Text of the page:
He styled. He profiled. He wrestled around the world and made millions “Woooooooooo!”
The limousine riding and jet flying is a bit less chaotic these days, but the boisterous story of “The Nature Boy” Ric Flair — or, really, the real-life story of Richard Fliehr — will get the spotlight tonight at 10 p.m. on ESPN.
It’s a 30 For 30 documentary that’s been in the works for months — long before his recent health scare nearly ended his life at age 68. It’s a piece that promises to explore the man, the myth, the legend — and where that’s led him to today. (And to be the man, you still have to beat the man … he’s not done yet.)
There’s an old saying that if something too good to be true, then it probably is — and this collector recently got a reminder of just that.
With the recent health scare of pro wrestling legend “The Nature Boy” Ric Flair, I decided it was past time to track down a copy of his 2005 Topps Heritage WWE autograph card — a card that was never released in packs but had reportedly surfaced years ago.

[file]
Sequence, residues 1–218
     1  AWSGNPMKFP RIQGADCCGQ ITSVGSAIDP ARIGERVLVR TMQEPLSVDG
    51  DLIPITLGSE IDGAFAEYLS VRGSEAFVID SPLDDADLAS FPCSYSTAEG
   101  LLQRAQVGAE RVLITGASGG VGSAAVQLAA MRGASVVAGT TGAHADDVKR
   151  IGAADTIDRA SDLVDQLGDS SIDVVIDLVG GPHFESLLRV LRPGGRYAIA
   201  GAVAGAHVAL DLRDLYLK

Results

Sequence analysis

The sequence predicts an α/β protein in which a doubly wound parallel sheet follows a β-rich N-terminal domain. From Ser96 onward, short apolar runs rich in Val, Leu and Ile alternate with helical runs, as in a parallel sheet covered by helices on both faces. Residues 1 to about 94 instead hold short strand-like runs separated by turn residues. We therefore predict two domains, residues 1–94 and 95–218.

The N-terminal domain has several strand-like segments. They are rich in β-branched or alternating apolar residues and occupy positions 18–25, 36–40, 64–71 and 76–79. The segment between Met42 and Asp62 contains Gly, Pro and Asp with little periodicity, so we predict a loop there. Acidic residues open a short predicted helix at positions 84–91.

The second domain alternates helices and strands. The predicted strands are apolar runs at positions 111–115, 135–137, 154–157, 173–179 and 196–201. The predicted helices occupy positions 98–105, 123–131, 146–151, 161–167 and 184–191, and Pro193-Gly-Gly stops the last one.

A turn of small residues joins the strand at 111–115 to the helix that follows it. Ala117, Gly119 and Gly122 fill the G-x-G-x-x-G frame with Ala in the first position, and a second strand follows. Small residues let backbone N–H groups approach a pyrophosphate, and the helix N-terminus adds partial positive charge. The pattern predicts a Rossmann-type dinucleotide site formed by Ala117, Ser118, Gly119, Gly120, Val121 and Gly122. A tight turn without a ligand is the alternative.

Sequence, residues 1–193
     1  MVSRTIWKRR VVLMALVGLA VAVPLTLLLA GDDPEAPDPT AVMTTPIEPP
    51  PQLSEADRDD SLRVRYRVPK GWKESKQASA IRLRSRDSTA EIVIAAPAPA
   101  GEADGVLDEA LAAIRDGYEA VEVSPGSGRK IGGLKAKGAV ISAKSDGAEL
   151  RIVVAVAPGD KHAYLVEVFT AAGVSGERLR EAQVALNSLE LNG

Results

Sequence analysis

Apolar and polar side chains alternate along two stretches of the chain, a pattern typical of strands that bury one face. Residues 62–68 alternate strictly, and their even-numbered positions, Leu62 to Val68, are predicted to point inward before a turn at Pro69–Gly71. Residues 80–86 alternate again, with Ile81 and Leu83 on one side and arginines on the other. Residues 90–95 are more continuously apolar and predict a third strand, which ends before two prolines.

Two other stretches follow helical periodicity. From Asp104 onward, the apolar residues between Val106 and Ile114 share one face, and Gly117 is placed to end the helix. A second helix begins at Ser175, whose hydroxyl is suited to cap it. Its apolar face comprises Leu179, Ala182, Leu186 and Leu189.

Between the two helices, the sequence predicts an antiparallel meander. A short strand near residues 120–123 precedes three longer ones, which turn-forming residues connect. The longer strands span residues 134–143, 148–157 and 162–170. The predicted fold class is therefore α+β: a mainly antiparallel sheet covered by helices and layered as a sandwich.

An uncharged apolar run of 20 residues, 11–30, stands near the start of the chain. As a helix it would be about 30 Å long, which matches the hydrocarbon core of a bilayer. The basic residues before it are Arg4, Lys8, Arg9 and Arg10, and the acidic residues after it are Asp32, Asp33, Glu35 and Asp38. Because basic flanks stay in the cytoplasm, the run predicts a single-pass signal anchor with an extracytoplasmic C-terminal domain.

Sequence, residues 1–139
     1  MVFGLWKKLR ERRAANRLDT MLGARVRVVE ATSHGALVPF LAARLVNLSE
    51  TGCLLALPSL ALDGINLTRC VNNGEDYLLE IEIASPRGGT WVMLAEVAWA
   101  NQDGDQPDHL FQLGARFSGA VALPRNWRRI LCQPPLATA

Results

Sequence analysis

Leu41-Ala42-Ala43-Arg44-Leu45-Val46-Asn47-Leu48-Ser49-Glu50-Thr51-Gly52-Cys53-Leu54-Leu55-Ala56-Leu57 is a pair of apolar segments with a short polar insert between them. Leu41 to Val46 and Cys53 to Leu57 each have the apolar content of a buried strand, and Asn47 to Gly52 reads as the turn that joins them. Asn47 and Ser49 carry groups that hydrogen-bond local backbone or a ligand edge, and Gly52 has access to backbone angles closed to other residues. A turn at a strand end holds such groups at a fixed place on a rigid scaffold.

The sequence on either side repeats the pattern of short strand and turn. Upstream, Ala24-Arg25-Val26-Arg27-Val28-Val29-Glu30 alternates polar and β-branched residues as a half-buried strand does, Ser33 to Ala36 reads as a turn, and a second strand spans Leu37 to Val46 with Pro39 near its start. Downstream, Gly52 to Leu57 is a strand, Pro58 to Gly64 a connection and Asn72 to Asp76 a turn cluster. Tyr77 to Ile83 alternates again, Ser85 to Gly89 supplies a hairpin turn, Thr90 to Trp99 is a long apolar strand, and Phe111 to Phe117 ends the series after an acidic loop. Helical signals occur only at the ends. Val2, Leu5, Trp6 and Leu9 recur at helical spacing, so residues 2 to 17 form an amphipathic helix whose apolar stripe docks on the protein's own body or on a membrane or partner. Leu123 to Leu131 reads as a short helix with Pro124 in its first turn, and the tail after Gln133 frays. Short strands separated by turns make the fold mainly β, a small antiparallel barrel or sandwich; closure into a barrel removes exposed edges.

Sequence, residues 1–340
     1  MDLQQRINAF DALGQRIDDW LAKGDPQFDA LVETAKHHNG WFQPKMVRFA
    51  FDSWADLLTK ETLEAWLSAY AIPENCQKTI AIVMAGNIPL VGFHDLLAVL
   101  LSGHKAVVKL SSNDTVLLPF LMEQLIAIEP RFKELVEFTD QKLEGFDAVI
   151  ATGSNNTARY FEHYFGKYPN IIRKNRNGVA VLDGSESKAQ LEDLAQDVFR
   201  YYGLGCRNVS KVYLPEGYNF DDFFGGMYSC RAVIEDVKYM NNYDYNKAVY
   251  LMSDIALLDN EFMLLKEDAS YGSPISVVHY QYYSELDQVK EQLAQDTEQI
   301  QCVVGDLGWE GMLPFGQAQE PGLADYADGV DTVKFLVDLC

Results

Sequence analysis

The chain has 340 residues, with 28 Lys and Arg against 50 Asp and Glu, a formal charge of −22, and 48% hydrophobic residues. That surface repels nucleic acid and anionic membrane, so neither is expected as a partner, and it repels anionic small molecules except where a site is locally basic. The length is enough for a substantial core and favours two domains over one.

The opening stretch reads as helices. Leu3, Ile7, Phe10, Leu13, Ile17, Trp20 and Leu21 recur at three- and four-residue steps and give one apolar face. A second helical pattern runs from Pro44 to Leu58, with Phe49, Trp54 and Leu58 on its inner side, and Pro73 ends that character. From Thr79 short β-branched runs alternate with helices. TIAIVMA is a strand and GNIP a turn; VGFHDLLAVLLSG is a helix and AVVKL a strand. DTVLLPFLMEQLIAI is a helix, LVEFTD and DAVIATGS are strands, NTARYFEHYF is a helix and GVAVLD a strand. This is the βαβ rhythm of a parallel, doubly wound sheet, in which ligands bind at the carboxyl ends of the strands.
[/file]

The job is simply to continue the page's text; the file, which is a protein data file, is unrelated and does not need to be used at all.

It’s not that I needed a Flair autograph — I have it a few times and actually met him at a past show — I wanted this card because I’ve always had an affinity for Topps‘ earliest years of WWE cards. This was Topps’ first release in its current run, but Flair didn’t make the cut as part of a crop of signers that includes Hulk Hogan, Shawn Michaels, The Iron Sheik, “Rowdy” Roddy Piper, Trish Stratus, Stacy Keibler and so many more notables from the past.
I found one on eBay and examined the autograph in the auction photo closely even though it was certified by JSA. I checked other cards for sale from the seller to see if there were autographs that looked questionable — everything looked fine to me and the card was affordably priced ($50) compared to another seller who wanted nearly $900 for a PSA-authenticated and slabbed copy (and I’m not a fan of its autograph). This JSA one was complete with sticker and a certificate noting that it was a witnessed autograph, not just an authenticated one.
But, I never even thought about whether the card itself was legit — I figured somebody somewhere had gotten their hands on the original cards Flair was supposed to sign but didn’t — however I knew instantly upon arrival that the card was legit as one of Flair’s face-first flops to the mat.